I know. I know. It sounds so shallow, like dating for looks, or money or, ahem, endowment. But don’t even try to tell me that you don’t have a name thing. Everybody does — though for some, it’s more extreme than for others. On a name-nut scale of 1 to 10, I’d say I’m about an 8.
How does this name fetish work? An example: During my first trip to Melbourne last year, I was at the pub Windsor Castle with friends one Sunday afternoon when I overheard someone talking about her new boyfriend Nathan.
My ears weren’t the only things that perked up! My friend Annie and I spent the next half hour discussing the importance of being Nathan. Now there’s a name you don’t hear every day. There was Dr. Horton, the recently departed Nathan on Days of Our Lives, and there’s Castle star Nathan Fillion, but I don’t believe I’ve ever met a Nathan in real life. I pretended that the really cute guy I’d met the night before was named Nathan because I couldn’t remember his name. Who knows? Maybe he was a Nathan, but he looked more like a Josh.
Once, upon a mattress, Josh would have worked wonders for my libido. In the U.S., Josh and Ryan aside, my greatest ambition was to go out with a guy named Brendan (it happened, a few days after September 11). In Argentina, I turned my name focus to Lucas. Instead, I got Martin, Fernando and Marcelo — tons of them — but not one single Lucas. It got to the point where I would attach personality traits to certain names (Matias = Hot, Federico = Player, Hernan = Shady, and so on) and avoid others like the plague. During my first weeks back in Australia, I was relieved that I’d never again have to cross paths with Alejandro, unless it was via the Lady Gaga song. It was all about finding Nathan.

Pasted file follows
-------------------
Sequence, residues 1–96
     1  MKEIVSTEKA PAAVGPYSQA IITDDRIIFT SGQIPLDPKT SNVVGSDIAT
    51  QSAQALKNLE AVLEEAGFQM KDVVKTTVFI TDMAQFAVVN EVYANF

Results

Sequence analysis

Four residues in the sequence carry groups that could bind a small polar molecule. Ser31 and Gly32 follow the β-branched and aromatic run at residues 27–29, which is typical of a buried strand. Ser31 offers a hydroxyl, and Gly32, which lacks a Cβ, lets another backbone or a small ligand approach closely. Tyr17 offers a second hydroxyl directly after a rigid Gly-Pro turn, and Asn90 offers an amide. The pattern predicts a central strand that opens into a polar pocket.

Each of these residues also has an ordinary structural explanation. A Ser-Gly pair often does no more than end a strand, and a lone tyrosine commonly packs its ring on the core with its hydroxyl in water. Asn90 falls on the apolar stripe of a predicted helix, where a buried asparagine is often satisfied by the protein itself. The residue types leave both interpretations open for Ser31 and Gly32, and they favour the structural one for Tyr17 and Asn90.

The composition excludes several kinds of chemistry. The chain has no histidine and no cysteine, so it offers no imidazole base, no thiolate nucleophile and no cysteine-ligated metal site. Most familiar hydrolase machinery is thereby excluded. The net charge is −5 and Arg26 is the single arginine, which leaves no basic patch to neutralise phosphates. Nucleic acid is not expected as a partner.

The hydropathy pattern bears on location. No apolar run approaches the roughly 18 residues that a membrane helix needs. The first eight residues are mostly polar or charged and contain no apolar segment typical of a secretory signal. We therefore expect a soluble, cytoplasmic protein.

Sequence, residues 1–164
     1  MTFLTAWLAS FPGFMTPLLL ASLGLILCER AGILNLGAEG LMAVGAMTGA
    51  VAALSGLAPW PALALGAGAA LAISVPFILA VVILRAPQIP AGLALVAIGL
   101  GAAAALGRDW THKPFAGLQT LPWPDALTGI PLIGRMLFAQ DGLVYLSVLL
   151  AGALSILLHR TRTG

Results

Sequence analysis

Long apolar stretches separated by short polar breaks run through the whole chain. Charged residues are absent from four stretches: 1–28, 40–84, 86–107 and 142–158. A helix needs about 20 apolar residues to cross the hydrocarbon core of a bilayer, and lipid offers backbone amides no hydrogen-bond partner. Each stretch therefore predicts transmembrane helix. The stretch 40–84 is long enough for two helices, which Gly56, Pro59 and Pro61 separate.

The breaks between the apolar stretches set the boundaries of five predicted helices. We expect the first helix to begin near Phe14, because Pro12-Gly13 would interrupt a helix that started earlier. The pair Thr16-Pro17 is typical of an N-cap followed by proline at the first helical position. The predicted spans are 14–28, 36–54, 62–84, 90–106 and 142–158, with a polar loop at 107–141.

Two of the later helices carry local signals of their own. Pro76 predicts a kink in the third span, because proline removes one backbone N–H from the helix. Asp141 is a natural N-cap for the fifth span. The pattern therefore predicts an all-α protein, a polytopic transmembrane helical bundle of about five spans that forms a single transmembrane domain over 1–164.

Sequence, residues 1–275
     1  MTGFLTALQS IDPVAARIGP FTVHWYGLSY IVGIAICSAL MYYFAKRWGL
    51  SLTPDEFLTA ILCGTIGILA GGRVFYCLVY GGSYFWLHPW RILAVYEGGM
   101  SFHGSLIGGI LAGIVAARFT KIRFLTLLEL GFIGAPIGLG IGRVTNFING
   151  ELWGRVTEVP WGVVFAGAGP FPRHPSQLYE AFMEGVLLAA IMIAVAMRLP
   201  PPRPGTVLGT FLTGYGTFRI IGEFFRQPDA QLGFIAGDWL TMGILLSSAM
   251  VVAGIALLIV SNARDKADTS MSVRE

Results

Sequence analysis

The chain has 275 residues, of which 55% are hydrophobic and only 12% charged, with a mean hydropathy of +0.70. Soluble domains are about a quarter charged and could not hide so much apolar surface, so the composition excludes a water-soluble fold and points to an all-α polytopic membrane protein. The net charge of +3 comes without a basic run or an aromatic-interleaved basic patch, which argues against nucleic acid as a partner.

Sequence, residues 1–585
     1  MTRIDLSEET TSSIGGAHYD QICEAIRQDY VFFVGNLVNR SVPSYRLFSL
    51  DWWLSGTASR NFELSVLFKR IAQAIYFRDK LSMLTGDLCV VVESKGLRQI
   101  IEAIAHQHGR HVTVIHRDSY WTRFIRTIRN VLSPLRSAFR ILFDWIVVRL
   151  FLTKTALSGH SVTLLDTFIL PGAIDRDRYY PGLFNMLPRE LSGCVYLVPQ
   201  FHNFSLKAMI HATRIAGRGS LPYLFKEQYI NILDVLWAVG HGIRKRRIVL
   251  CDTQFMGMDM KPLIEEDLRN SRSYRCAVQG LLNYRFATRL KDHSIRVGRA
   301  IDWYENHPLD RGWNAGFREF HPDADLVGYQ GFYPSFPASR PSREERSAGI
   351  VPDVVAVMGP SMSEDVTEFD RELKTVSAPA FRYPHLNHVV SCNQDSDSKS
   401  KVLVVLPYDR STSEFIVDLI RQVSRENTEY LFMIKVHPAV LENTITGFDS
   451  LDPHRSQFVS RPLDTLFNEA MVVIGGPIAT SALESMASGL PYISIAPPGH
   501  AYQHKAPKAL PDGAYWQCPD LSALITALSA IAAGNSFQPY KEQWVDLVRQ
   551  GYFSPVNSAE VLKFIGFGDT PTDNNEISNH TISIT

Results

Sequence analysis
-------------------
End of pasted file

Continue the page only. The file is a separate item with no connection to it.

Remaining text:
Not that any name slut wouldn’t have his or her pick of good ones in Australia. It seems every guy I meet calls himself something cool — or totally different. Blake, Clint, Grant, Mick. Hayden (which I’ve been told is pretty common Down Under). Beau. Zoren. Kimberley. Kimberley! Ashley. Ashley! My friend Marcus used to date a guy named Dade — which was also the name of a former NYC colleague of mine — and lately he’s been hanging out with a bloke named Harris. (I’ve always had a weakness for surnames as first names!)
A friend of mine has a two-year-old nephew named Mason. I always thought of that as a name for a grown up, but I suppose everybody has to start somewhere. Though I’ve met a Jason and a couple of Scotts (I don’t know why, but I’ve always considered both to be uniquely American), I don’t think I’ve met a single Mike, John or Tim, not to mention Tom, Dick or Harry. I did kiss another Jeremy recently just to see what it would be like. It wasn’t like kissing myself — though I wouldn’t even know what that’s like.
Last week, I finally found my Nathan — well, actually two of them. On my way to a date with Nathan No. 1, a slightly inebriated guy stumbled up to me and struck up a conversation. His name: Nathan. So after nearly 42 Nathan-free years, I got two in one night, though I only went out with one of them. I’m not sure what it is about Nathan. Maybe it’s memories of history class and Nathan Hale, the Revolutionary War hero whose last words were “I only regret that I have but one life to lose for my country.” Maybe I’m the one who’s losing it. The date, by the way, lived up to his name.
I couldn’t imagine either of the Nathans I met that night ever doing anything quite so noble as dying for his country (though Nathan No. 1 said his life-long dream is to do good deeds in East Africa), but with a name like that, they don’t really have to.